To top things off one of my volunteers who I call ‘Dad’ (due to the similarity in tummies) decided to have a ‘funny turn’ - one that didn't get me laughing as an ex-nurse. I ended up calling an ambulance and 35 minutes later off went ‘Dad’ to Macclesfield Hospital. He’s fine now and back at home resting.

The week continued and so did the fun. Hartington Hall had a firework display on the Saturday night which lit up the sky for 40 minutes. My badgers didn't like that one bit and so didn't come out to play that night until after 2.30am. We had put cameras out on site by this time, just to see what was going on and to get numbers of badgers which for me is very helpful. One sett had four badgers so after my week of fun I decided to call them The Hartington Four, as by this time they and other things were causing me nothing but trouble.

Not ones to give up, volunteer Liz and I made the decision to move the dates back and carry on. After setting the traps, we had an early night, in bed at 9pm - only to be woken at 2am by two boy racers in two cars hurtling around the Wildlife Trust site as fast as they could! I thought I was at Donington for a split second, then realised where I was. Fortunately Derbyshire police had given us a unique incident number to ring, which we did, a lovely lady answered and asked if we needed assistance. Assistance! A straitjacket was what I needed by now!
She asked if I could get a registration number, so off I went in my best PJs in the dark with my torch to see what I could do – but they were going so fast that you couldn't even see what make of car they were in.
This continued until 3.30am. Liz was in hysterics by now, as I thought I would hide in the grass on the other side desperate to get at least one number. Don't know why I bothered as no one came to assist anyway.
Needless to say we stayed up as the alarm was set for 3.45am.
Our first badger was a cub and that made up for the night’s shenanigans. We were so made up that we had finally got to do what we had come for, Liz and I ended up in tears.!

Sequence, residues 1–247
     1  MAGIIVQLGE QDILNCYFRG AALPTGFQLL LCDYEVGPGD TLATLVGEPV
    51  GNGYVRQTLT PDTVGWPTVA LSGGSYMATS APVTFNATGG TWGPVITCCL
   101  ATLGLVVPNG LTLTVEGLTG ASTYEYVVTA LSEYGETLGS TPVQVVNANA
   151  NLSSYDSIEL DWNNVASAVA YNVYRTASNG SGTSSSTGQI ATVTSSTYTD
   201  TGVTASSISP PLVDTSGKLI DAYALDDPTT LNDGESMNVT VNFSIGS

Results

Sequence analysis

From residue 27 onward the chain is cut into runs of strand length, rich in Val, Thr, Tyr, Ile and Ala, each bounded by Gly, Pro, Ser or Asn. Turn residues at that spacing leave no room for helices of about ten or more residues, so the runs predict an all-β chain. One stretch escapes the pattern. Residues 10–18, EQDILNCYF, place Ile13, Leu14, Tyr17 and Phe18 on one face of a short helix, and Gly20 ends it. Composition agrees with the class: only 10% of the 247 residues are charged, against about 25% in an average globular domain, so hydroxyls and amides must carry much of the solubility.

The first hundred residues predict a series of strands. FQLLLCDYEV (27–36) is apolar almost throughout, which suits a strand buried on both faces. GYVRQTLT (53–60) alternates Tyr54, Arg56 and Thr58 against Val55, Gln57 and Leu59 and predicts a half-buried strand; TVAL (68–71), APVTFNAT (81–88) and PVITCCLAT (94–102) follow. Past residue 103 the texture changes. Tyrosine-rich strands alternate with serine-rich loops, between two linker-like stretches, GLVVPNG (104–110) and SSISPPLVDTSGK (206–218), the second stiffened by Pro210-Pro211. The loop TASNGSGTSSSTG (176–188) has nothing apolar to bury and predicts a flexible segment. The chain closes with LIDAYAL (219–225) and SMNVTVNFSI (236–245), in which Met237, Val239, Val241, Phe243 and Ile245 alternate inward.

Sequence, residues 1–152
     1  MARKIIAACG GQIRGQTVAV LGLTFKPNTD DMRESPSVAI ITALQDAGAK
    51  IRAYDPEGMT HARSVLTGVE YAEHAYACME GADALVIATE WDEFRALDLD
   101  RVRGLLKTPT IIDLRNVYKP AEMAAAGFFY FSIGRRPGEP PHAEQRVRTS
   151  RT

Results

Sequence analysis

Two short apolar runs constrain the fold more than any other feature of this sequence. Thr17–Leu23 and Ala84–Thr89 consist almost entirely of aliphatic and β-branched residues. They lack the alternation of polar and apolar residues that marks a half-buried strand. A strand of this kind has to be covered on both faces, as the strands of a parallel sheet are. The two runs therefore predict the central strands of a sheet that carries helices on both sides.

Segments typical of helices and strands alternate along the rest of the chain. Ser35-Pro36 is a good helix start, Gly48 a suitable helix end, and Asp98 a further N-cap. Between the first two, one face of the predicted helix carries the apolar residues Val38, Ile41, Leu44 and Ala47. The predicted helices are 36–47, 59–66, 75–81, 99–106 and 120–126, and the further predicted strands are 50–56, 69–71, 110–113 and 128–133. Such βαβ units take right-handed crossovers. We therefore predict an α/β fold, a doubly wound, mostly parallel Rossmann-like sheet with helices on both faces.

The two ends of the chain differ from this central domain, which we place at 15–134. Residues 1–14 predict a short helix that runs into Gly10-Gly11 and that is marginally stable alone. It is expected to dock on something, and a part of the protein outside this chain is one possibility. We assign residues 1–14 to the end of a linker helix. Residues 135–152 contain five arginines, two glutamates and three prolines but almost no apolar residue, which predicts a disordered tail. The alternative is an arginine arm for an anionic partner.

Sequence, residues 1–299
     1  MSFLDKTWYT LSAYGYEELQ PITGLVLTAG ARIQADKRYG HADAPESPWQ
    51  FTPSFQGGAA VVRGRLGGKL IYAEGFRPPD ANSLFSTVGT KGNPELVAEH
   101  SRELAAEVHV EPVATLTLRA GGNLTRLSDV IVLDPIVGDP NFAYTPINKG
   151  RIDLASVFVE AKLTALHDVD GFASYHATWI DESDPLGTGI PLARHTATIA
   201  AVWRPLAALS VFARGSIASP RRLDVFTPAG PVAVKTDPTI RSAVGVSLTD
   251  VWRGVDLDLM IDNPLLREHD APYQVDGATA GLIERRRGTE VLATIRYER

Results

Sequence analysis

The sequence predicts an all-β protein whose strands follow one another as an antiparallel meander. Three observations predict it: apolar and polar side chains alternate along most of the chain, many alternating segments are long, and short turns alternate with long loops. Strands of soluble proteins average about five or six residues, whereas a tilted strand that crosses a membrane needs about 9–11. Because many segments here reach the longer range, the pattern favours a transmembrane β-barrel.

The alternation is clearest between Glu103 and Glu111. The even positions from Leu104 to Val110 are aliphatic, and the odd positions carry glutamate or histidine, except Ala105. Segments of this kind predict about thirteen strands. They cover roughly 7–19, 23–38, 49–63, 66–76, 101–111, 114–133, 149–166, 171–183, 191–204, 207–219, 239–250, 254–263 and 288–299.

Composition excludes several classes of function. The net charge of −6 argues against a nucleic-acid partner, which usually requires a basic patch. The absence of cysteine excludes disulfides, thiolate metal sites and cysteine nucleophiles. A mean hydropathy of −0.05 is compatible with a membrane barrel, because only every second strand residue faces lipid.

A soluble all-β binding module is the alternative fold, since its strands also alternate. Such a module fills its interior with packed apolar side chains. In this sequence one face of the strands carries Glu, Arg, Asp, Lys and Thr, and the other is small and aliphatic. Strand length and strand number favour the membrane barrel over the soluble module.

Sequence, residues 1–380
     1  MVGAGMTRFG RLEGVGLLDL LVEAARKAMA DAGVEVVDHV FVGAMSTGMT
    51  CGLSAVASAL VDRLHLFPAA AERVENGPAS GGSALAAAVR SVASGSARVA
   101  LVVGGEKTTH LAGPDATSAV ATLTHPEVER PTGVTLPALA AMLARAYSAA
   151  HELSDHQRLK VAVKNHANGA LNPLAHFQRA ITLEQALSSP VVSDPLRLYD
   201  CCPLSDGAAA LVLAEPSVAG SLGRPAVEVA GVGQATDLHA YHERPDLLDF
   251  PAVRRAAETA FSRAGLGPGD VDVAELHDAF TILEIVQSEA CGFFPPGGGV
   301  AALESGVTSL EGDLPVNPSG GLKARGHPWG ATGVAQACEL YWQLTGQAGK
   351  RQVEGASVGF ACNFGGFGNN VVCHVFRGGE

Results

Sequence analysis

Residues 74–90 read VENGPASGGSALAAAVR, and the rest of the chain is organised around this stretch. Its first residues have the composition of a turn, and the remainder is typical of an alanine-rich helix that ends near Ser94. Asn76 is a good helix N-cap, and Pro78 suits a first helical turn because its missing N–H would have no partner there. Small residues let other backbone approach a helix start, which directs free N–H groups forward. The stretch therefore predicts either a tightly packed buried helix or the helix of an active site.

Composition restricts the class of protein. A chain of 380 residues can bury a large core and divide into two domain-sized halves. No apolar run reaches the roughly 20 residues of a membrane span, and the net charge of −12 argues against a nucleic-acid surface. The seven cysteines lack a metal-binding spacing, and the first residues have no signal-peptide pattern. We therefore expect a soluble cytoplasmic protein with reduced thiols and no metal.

I know what you’re all thinking - “Nothing else can go wrong" - but the fun didn't end there. The donkey who had kept Liz and me company in the field next to Camp Badger had been quiet all week but on the last three nights thought he would become our alarm clock, and hee-hawed from 2am. The donkey alarm - you can’t beat it.!

David my partner had joined us for the last night (as he had forgotten what I looked like), as did one of the volunteers. We all headed off down to the signal box, which was our meeting point at 4am. Still dark, David (ex police man of 32 years) said, “I’ve just seen someone over there," and headed off to the small brick building to the side of the reserve.

I could hear him talking to someone which we thought strange at that time of day, when out from the dark appeared a small chubby man with a head torch on, in what looked like a wetsuit. "What are you lot doing here?" he asked. None of us said a word - we just burst out laughing.

Shouting at David that he was an "ex para," and “could we leave him alone,” he went back to his den were he had been sleeping the night. We went off to vaccinate our badgers.

 He stayed the whole time we were there, even after we had moved all the traps, and watched us in wonder, mumbling all the time to himself whilst getting his portable toilet and bike ready for the next stage of his trip. I was thinking all the time, "You couldn't write this stuff".

I’ll never forget my time at Hartington vaccinating badgers, and that's why I thought I’d share the events with you!